Israeli archaeologists in Jerusalem have discovered an ancient receipt from 2,000 years ago, dating back to the Second Temple period, the Israel Antiquities Authority announced.
The artifact was found along the Pilgrimage Road that connects the City of David to the Temple Mount and is a snapshot of the bustling commercial life in biblical Israel.
The findings were published in the Israel Antiquities Authority's peer-reviewed academic journal 'Atiqot.
Cash or credit? An ancient Israelite financial record from the Second Temple era
The financial record was found in the form of a small stone fragment with an inscription that included seven partially preserved lines with Hebrew letters and numbers.
One of these lines, for example, contains what seems to be the name Shimon. Other lines includes a series of numbers marked with the Hebrew letters mem (short for ma'ot, meaning money) and resh (short for reva'im, meaning quarters).
This type of discovery isn't exactly new, which is why archaeologists are sure of what it is. Transactional records are the subject of considerable discourse in Jewish law. In the third chapter of the Talmud's Tractate Bava Batra, there is a discussion on proof of purchase for property and real estate.
In addition, according to Bar-Ilan University's Prof. Esther Eshel and Israel Antiquities Authority excavation director Nahshon Szanton in their study in 'Atiqot, there have actually been four other finds similar to this.
These artifacts, found in Jerusalem and Beit Shemesh, all with names and numbers on similar pieces of stone that date back to the early Roman era.
However, this particular financial record stands out from the rest because it was found within the contemporary boundaries of Jerusalem.
However, given its location, this isn't too surprising.
The history of the Pilgrimage Road
The financial record was found along the Pilgrimage Road. In ancient times, this 600-meter road connected the Siloam Pool to the Temple Mount. During the pilgrimage festivals of Passover, Sukkot and Shavuot, Jewish pilgrims would come to the pool here to purify themselves, after which they would walk the road over to the Second Temple.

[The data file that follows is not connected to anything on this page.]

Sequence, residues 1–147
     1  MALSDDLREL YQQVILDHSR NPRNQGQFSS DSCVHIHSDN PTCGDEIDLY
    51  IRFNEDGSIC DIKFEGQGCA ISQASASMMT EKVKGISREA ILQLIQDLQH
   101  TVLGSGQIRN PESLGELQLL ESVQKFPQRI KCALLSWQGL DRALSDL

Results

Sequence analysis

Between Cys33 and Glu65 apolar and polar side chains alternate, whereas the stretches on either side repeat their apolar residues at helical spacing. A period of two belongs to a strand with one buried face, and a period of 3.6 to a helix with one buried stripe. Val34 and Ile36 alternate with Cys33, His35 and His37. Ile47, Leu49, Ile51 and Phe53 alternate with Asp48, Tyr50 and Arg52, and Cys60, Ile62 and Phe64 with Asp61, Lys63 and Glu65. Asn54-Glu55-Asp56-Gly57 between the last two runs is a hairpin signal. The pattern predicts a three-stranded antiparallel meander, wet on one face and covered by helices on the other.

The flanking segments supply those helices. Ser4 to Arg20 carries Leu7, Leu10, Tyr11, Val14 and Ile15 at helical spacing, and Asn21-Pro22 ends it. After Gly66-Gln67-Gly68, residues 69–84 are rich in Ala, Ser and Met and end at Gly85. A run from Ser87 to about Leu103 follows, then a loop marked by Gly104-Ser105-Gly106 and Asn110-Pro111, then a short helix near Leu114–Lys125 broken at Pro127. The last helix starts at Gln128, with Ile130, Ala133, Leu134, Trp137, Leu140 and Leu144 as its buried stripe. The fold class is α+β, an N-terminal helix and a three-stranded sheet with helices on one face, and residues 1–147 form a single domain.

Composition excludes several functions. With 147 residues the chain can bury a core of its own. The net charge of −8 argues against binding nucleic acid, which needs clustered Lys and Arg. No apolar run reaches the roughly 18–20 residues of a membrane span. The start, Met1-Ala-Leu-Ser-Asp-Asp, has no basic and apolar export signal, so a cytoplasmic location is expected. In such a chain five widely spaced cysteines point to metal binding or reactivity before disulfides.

But the path to the Temple wasn't just walking and talking. Archaeologists have long been aware that the road was also used for commercial purposes. Indeed, it would have essentially been a very bustling shopping district, with the sides of the Pilgrimage Road crowded with stores and vendors, selling everything from food, spices and livestock.
Some evidence of this has been found in the excavations, and the archaeologists at the City of David have been busy parsing through all the ancient debris to find the shops. In fact, some of these stores have already been rebuilt by the City of David for future tourists to see.
And thanks to this artifact, we now have a better glimpse at just what this ancient commercial area may have been like, filling in another layer of the rich history of Israel's capital.
This is something the Israel Antiquities Authority is well aware of.
"It is not a coincidence that the many discoveries which are being revealed in the excavation shed light on the centrality of this road even during the Second Temple period."Eli Escusido
"It is not a coincidence that the many discoveries which are being revealed in the excavation shed light on the centrality of this road even during the Second Temple period," said Israel Antiquities Authority director-general Eli Escusido.
Also weighing in is Heritage Minister Amichai Eliyahu, who said: "The remarkable discovery on the Pilgrimage Road in Jerusalem uncovers another aspect of Jewish life in the city from 2,000 years ago."